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Results for Tonga politics

Thursday 31 December 2015
Nuku'alofa, Tonga
A year after Tonga’s second democratically elected government came into power at the end of December 2014, Tongan politics is stuck in the doldrums. The repetition by PM Hon. ‘Akilisi Pohiva that his government has the will to "take action" guided by the high moral principles of "good leadership, rule of law - justice for all and the fair distribution of national wealth," so far, are just hot air. The difference between what has been said and what has happened, speaks for itself. Editor's Comment by Pesi Fonua.
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Monday 30 November 2015
Nuku'alofa, Tonga
This is perhaps the most embarrassing and disappointing news about a Tongan government in the most recent times. This PM was well known for preaching against the previous Kings and their system of government, for not allowing justice and the voice of the people to be heard by the Government. - Rev Dr Ma'afu'otu'itonga Palu
Friday 2 January 2015

Nuku'alofa, Tonga
'Akilisi Pohiva, in his first press conference as Tonga's new Prime Minister, said that realistically his new government would not be able to implement their own working programs until they introduced their national budget for the 2015-16 financial year at the end of June.
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Thursday 1 November 2012
Nuku'alofa, Tonga
Tonga's democratic adventure during the past two years has been full of intrigues, revelations and challenges. Unfortunately, these goings on have distracted the attention of the Cabinet and the Parliament from the pressing issue of the day, which is to get the Tongan economy back on its feet, or we will become heavily relying on others for our livelihoods. Editor's Comment, by Pesi Fonua
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Thursday 9 November 2006
2006

Nuku'alofa, Tonga
Tension is mounting in the Tongan Parliament this week over the direction of the Political Reform that has been set in motion since the end of 2004. The drama is also a decoy by the politicians to distract public attention from the massive salary increase - backdated for two years - the Members have just taken for themselves.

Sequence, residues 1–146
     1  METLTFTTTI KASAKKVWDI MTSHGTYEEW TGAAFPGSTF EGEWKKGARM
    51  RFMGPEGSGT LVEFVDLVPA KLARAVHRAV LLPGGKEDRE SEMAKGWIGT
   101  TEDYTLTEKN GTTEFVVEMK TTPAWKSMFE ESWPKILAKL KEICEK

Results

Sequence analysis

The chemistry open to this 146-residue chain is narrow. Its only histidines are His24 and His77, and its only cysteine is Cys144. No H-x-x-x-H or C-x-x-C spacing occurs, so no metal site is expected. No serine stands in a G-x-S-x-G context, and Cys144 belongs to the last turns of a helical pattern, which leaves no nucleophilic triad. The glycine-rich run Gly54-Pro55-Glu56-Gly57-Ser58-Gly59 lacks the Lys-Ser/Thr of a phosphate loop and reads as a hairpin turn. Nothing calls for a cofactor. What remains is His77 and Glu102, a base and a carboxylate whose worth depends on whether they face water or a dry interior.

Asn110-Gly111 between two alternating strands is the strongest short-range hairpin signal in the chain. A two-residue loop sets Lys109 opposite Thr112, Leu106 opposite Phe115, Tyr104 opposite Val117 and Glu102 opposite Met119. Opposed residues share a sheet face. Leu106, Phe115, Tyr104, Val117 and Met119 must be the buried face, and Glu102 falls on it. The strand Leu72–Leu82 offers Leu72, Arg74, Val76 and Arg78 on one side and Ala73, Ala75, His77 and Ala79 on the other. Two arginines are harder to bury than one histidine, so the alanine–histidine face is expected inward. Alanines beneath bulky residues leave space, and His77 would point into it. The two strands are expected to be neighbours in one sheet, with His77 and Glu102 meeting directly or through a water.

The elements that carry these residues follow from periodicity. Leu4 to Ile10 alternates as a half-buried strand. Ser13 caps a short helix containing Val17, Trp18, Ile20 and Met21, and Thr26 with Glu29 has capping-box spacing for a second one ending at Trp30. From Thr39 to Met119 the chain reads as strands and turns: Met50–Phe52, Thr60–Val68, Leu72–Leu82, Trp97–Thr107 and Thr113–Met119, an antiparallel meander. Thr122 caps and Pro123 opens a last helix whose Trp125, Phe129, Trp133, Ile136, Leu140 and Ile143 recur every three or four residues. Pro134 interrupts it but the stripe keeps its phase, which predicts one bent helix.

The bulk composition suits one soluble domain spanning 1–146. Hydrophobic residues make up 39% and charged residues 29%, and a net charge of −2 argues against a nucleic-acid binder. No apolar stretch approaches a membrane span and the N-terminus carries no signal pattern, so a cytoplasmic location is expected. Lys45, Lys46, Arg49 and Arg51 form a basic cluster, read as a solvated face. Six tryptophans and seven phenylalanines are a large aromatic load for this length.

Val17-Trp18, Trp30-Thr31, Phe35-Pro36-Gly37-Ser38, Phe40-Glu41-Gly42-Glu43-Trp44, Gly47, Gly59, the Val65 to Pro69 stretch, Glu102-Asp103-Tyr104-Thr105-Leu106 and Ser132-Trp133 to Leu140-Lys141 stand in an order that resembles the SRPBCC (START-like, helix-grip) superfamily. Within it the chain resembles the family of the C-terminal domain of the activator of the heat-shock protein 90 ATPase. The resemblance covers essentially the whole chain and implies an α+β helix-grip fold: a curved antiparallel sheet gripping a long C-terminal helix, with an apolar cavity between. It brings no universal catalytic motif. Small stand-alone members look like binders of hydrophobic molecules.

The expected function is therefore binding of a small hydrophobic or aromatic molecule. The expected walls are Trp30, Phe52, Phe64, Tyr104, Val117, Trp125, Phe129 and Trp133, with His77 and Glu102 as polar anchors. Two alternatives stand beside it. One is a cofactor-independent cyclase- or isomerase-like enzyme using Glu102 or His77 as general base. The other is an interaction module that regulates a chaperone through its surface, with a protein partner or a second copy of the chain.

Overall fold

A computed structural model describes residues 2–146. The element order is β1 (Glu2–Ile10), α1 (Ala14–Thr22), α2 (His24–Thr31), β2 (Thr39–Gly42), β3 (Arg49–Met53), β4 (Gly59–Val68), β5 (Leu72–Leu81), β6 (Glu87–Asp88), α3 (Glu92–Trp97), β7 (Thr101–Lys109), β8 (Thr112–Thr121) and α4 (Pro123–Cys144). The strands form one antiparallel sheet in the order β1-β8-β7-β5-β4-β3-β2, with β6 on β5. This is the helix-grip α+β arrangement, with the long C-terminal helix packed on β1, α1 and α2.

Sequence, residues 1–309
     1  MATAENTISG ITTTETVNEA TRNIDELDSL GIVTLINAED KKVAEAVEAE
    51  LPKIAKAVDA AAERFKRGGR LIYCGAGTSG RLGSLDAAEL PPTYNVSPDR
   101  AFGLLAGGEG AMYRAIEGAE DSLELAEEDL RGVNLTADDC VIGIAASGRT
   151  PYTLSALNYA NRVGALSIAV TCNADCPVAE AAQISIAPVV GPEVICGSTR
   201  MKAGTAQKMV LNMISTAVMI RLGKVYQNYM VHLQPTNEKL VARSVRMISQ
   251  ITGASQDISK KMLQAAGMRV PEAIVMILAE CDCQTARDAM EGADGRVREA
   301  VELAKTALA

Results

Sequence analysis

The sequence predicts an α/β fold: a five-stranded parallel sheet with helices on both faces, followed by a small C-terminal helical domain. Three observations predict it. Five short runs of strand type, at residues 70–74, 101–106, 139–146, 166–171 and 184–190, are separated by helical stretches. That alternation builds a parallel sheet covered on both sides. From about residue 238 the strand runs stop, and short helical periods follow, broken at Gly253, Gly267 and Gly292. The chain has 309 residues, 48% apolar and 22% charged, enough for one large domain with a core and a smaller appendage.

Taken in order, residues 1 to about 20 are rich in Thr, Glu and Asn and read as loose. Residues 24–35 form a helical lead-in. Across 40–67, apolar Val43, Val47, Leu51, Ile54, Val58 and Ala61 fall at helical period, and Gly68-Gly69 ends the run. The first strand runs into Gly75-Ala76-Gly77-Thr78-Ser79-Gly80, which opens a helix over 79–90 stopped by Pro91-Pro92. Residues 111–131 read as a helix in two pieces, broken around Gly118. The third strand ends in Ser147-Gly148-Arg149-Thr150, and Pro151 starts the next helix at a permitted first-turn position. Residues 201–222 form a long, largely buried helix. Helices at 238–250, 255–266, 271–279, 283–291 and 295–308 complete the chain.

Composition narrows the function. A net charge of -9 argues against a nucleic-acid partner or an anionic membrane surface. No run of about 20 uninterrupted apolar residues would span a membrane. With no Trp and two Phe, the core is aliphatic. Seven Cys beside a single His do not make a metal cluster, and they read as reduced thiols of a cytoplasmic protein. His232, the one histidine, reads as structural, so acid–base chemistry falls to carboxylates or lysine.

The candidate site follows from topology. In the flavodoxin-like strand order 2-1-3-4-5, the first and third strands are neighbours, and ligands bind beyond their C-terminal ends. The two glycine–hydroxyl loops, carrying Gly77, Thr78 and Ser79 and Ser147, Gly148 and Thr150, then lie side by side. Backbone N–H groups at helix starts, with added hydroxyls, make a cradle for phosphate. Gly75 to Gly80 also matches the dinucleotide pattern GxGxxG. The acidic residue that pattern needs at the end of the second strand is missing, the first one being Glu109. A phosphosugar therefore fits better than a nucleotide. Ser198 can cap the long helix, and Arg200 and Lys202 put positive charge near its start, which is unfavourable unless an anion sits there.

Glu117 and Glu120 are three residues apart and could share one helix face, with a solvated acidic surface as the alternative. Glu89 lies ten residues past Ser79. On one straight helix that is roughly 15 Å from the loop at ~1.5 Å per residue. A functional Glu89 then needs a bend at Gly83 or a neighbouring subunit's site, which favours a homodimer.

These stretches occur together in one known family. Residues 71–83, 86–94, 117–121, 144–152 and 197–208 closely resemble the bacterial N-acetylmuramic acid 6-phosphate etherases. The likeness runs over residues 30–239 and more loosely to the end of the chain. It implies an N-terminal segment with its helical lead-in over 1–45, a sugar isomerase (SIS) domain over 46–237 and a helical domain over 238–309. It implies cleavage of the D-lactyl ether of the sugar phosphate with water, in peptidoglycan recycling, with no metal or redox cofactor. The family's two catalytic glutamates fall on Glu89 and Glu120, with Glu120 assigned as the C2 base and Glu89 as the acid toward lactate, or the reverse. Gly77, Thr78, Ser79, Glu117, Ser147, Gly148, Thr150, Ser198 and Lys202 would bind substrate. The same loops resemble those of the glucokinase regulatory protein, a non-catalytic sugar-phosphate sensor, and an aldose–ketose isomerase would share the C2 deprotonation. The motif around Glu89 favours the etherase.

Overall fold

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Saturday 30 September 2000

Nuku‘alofa, Tonga
The saying that one can’t see the wood for the trees, is so appropriate to our situation in Tonga today. It has been pointed out numerous times, and we can see it with our own eyes, that we are blessed with a good country, where the weather is hospitable, and the soil is so fertile that plants can grow even in the sand. From Matangi Tonga Magazine Vol. 15, no. 3, September 2000.
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Saturday 30 September 2000

Nuku‘alofa, Tonga
While Tonga’s economy is under pressure from the Reserve Bank, because of a steep dive in the Foreign Reserve; and while the Private Sector and the government are preoccupied with far-sighted new projects in telecommunications, power generation and the marketing of Tongan produce overseas—projects that could secure a place for Tonga in the global economy of the 21st century—Parliament, somehow, has been looking inwards, and preoccupying itself with its internal affairs. From Matangi Tonga Magazine Vol. 15, no. 3, September 2000.
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Thursday 1 July 1999

Nuku'alofa, Tonga
This year government cut its Budget to pay for the retirement and holiday travelling of public servants. It was more important for government to keep the 4,500 public servants happy, than to allocate funds to boost exports and to prop up the value of the pa‘anga. From Matangi Tonga Magazine Vol. 14, no. 3, July 1999.
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Monday 31 May 1999

Nuku'alofa, Tonga
‘Akilisi Pohiva has been a controversial political figure ever since he first entered Parliament in 1987, not only because of his indifference to the rules and procedures of the House, but also for his outspoken and controversial comments about Cabinet ministers, the King and members of the Royal family. They are comments that have cost him tens of thousands of pa‘anga in lawyers’ fees and court awards for the defamed over the last decade. Interview and photos by Pesi Fonua. From Matangi Tonga Magazine Vol. 14, no. 2, May 1999.
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Monday 1 December 1997

Nuku'alofa, Tonga
While their political views may differ widely, the one thing that most people agree on is that Tonga as a nation is a special case. ...While Tonga enjoys a certain status among nations under a constitutional monarchy form of government, any move to replace it with an elected form of government will be a step into the unknown. Matangi Tonga looks at what different people in the community have to say about their current system of government. FROM OUR ARCHIVES, by Pesi Fonua.